# Stochastic simulation algorithms

## Presentation on theme: "Stochastic simulation algorithms"— Presentation transcript:

Stochastic simulation algorithms
ESE680: Systems Biology

Relevant talks/seminars this week!
Prof. Mustafa Khammash (UCSB) “Noise in Gene Regulatory Networks: Biological Role and Mathematical Analysis ” Friday 23 Mar, 12-1pm, Berger Auditorium Dr. Daniel Gillespie (Dan Gillespie Consultant) “Stochastic Chemical Kinetics” Friday 23 Mar, 2-3pm, Berger Auditorium

Chemical reactions are random events
B B A A A + B AB A + B AB

Poisson process Poisson process is used to model the occurrences of random events. Interarrival times are independent random variables, with exponential distribution. Memoryless property. event event event time

Stochastic reaction kinetics
Quantities are measured as #molecules instead of concentration. Reaction rates are seen as rates of Poisson processes. k A + B  AB Rate of Poisson process

Stochastic reaction kinetics
AB time reaction reaction reaction time

Multiple reactions A + B  AB
Multiple reactions are seen as concurrent Poisson processes. Gillespie simulation algorithm: determine which reaction happens first. k 1 A + B  AB k 2 Rate 1 Rate 2

Multiple reactions A AB time reaction 1 reaction 2 reaction 1 time

t – leaping scheme A AB time r2 r1 r2 r1 r1 r2 r1 D D D D time

Erlang distribution

Erlang  Gaussian

Stochastic simulation with Gaussian rv

Stochastic simulation with Gaussian rv
Ito stochastic integral

Chemical Langevin equation
White noise driving the original system

Stochastic fluctuations triggered persistence in bacteria
ESE680: Systems Biology

Bacterial persistence
Discovered as soon as antibiotics were used (Bigger, 1944) A fraction of an isogenic population survives antibiotic treatment significantly better than the rest If cultured, the surviving fraction gives rise to a population identical to the original one Bimodal kill curves Persisters are a very small fraction of the initial population ( ) (from Balaban et al, Science, 2003)

Persisters are an alternative phenotype Similar to dormancy or stasis Since they do not grow, they are less vulnerable Presence of multiple phenotypes has an evolutionary advantage in survival in varying environments Transitions between phenotypes are of stochastic nature – Random events, triggered by noise What is the underlying molecular mechanism?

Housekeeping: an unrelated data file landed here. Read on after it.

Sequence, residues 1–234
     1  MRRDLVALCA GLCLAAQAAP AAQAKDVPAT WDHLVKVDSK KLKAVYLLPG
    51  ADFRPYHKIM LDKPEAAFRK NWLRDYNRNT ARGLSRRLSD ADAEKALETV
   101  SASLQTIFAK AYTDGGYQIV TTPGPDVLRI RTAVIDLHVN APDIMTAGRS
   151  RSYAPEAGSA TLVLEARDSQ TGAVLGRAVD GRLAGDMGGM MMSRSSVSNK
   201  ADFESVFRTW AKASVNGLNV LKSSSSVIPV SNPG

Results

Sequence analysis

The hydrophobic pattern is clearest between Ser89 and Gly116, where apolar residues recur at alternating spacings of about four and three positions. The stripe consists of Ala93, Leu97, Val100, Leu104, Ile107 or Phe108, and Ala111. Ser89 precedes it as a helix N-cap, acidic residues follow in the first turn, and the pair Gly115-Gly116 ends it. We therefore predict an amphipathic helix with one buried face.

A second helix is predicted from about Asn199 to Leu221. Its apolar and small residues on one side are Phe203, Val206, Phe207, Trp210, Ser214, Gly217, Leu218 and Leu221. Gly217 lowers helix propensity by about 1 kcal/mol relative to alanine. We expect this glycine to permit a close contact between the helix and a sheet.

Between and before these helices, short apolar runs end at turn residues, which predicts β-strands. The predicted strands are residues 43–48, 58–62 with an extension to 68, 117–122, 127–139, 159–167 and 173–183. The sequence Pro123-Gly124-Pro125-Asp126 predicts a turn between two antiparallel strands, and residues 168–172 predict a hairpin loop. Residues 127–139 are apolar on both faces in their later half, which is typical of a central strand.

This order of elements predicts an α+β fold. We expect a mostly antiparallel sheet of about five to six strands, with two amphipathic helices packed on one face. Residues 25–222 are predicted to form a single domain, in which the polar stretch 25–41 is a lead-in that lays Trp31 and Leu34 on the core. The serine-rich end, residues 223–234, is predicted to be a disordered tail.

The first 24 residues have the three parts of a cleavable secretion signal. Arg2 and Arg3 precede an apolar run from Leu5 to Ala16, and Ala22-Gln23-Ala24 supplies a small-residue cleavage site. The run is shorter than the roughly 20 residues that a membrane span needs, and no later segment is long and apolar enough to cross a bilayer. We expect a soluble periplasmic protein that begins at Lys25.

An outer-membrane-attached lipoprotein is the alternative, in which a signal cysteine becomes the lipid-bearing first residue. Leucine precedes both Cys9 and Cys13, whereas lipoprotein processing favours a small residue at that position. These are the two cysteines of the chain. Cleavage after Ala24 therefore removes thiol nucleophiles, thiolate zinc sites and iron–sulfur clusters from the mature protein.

Persistence as a phenotypic switch
Recent work due to Balaban et al showed that there are two types of persisters: Type I – generated by an external triggering event such as passage through stationary phase Type II – generated spontaneously from cells exhibiting ‘normal’ phenotype

Stringent response and growth control
Triggered by adverse conditions, e.g. starvation Transcription control (p)ppGpp: Lack of nutrients Stalled ribosomes ppGpp synthesis Reprogramming of transcription Translation shutdown Proteases (p)ppGpp involved Activation of toxin-antitoxin modules Toxin reversibly disables ribosomes ppGpp Lon Toxins RAC TRANSCRIPTION TRANSLATION GROWTH NUTRIENT AVAILABILITY

Tox Ant mRNA tmRNA Ribosome Ribosome Ribosome Toxin Antitoxin

Toxin-antitoxin modules
Toxin and antitoxin are part of an operon Overexpression of toxin leads to ‘stasis’ Toxin cleaves mRNA at the stop codon Cleaved mRNA disables translating ribosomes Ribosomes can be ‘rescued’ by tmRNA One example: RelB and RelE (Gerdes 2003)

Toxin-antitoxin modules
TA module provides an emergency brake Normally all toxin is bound to antitoxin Antitoxin binds toxin at a ratio > 1 Antitoxin has a shorter half-life Shutdown can be triggered by fluctuations: Toxin excess  reduced translation  more excess toxin .. translation shutdown Recovery from shutdown facilitated by tmRNA which reverses

Reaction kinetics Variables: T = Toxin concentration
A = Antitoxin concentration R = ribosome activity Transcription:

Reaction kinetics Translation:

Reaction kinetics Ribosome dynamics:

Deterministic simulation result
Toxin Antitoxin Ribosome activity

Stochastic simulation result
Toxin Antitoxin Ribosome activity